Super Bowl visitors popped up in various bars, restaurants, and stores around town. And, certainly, many revelers visited the Mall of America. Despite such goings-on, there was serious business in the works for Pendleton and TAKN. At Augsburg College’s Foss Center organizers and supporters had distributed their posters, flyers, buttons, and stickers in furtherance of their mission to demonstrate against senseless police brutality. The materials clearly expressed their mission.

“The purpose of the conference is to bring together everyone across the country who has protested police brutality, especially those who have taken a knee to protest police violence and the families of victims particularly those who have remained on the front lines in this struggle,” read one flier.

Pendleton was tasked with the responsibility of getting TAKN activities to the public in real-time live streaming. The conference schedule included speakers, workshops and panel discussions. The main highlight would be the appearances of the mothers of the victims. They would share their stories live with Pendleton’s help.

One of the featured mother was Valerie Castille, the mother of Philando Castille, the Minnesotan who was shot dead by a Falcon Heights, Minnesota cop. Pendleton said he admired Mrs. Castille. And, he admired Castille’s fiancé.

“I was so inspired by Diamond Philips,” Pendleton said. “She did an incredible thing. How could she have found the courage to do what she did? It was so brave. She was so strong. She inspires me. Her baby was in the car, in the back.”

He shook his head in disbelieve and admiration.

The supporters and organizers of the TAKN conference and protest wanted to stop the killing of African Americans at the hands of the police. Participants discussed whether police killings implicitly endorsed police violence by the silent acceptance of the American people, some of whom embrace the false narrative that taking the knee during the playing of the national anthem is unpatriotic and an affront to the men and women who defend this country.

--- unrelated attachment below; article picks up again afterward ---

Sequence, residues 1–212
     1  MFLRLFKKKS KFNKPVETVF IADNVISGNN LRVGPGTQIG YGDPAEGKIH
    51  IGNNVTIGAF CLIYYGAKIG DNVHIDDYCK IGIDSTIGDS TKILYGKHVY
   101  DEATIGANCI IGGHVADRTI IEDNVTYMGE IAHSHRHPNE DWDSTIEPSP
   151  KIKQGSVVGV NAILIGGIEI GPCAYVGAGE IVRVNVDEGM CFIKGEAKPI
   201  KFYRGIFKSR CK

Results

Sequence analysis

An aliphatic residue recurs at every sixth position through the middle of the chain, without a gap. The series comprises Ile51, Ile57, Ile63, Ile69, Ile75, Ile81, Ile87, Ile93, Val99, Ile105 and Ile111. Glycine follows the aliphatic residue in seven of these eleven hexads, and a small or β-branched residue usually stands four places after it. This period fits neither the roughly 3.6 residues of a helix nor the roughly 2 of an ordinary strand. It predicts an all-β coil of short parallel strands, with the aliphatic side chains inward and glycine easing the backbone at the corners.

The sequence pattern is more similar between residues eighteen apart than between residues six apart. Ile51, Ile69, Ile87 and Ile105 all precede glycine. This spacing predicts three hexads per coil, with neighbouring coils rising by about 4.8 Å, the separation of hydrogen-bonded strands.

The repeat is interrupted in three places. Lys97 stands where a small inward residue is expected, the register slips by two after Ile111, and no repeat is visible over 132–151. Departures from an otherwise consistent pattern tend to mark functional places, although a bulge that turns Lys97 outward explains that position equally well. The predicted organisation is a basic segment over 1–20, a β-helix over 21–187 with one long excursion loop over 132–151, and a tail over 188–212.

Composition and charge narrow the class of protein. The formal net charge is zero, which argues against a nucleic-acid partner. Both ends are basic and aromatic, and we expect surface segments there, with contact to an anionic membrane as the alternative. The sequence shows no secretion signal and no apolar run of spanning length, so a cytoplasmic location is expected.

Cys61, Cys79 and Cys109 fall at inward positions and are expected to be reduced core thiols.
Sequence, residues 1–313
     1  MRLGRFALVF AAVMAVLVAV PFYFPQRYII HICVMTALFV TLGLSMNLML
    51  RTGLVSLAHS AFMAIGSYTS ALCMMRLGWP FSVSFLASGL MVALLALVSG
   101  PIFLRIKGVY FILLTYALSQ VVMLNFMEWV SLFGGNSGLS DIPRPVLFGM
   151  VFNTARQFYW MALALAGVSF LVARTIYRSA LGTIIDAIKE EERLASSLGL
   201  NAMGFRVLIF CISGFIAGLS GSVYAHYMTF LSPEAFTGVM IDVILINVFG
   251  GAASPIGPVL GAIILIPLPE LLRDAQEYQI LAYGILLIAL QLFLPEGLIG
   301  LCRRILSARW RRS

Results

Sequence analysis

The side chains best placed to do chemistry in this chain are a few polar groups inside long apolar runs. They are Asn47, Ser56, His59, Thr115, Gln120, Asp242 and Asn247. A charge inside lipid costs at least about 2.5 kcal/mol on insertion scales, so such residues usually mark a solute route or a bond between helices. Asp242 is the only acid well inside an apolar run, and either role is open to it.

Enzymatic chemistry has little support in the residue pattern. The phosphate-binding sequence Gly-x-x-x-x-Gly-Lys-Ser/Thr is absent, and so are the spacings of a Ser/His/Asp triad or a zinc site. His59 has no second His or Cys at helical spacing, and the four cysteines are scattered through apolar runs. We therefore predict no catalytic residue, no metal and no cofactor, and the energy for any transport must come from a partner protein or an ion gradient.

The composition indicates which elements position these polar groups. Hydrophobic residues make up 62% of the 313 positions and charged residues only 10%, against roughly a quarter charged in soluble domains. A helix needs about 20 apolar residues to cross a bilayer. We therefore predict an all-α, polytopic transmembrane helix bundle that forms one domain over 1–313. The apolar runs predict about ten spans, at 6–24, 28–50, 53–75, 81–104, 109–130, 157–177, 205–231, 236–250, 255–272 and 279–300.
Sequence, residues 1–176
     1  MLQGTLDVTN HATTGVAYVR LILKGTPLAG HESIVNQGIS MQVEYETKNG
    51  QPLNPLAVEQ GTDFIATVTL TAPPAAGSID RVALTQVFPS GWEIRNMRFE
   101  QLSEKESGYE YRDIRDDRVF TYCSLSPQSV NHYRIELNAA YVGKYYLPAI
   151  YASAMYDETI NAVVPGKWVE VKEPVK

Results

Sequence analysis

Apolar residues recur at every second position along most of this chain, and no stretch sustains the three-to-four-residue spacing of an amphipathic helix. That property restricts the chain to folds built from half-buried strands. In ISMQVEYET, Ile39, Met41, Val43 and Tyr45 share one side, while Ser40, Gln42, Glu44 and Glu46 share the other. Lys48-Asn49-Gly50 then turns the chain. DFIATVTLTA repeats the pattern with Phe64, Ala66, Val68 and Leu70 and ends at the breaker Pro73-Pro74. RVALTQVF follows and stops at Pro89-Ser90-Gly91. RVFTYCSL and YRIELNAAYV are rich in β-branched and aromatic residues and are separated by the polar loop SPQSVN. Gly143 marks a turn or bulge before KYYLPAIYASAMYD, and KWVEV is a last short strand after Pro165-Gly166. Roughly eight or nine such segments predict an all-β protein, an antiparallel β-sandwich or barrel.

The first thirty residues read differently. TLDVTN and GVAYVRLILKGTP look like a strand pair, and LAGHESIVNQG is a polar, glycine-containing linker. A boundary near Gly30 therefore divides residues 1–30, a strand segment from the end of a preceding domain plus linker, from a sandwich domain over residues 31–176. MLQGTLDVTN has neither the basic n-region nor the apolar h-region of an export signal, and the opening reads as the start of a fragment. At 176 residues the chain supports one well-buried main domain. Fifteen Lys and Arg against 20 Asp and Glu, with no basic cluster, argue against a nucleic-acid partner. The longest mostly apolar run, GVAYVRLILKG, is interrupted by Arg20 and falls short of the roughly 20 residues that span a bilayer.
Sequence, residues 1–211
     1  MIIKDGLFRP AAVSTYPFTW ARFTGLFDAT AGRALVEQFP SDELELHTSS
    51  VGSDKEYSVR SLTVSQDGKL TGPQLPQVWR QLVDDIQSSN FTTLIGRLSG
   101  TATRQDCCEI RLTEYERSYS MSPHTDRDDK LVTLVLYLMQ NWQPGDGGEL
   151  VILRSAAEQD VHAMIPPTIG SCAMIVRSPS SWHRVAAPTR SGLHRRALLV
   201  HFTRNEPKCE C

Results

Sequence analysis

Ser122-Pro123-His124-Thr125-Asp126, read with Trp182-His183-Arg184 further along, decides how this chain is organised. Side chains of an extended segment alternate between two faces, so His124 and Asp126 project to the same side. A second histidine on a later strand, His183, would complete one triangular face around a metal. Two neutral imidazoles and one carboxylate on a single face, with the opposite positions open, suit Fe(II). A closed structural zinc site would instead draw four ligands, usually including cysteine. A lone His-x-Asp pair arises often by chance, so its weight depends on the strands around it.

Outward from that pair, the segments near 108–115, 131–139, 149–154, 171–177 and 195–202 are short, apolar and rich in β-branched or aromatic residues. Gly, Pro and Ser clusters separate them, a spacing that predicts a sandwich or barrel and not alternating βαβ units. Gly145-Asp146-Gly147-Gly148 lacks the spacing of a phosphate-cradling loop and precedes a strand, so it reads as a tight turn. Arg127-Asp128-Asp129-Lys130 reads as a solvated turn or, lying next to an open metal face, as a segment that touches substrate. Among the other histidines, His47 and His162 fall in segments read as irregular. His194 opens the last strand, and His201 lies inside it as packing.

Pendleton said he believes those who embrace the belief that peaceful protest is un-American misunderstand the basic premise of American democracy—the right to peacefully protest.

“I listened to the stories told by the mothers of their murdered children,” Pendleton said. “In spite of their overwhelming grief, they came out to share their loss in hopes of preventing more loss of life. I was affected by their courage and concern for others.” He said he would do whatever he could to help.

“I like helping people. People have helped me,” Pendleton said.

He had studied the career of Gordon Parks, an African American photojournalist who had a successful career in the 60s and 70s.

“The brother was a pioneer. He was one of the first to do this important work,” Pendleton said.

The Philadelphia Eagles beat Tom Brady and the New England Patriots in Super Bowl Lll by the score of 41 – 33, for their first-ever Super Bowl victory. By all accounts, it was a hot game, plenty of scoring, plenty of excitement. Outside U.S. Bank Stadium, in frigid temperatures and icy winds the Take-A-Knee Nation supporters and organizers demonstrated in order to convey the important message that the police killings of black men and women, boys and girls, brothers and sisters, aunts, uncles and cousins, nephews and nieces, are wrong and cannot go on business-as-usual.

KingDemetrius Pendleton did what he set out to do. He live streamed it. And, he did so down on one knee.

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Student activist fights back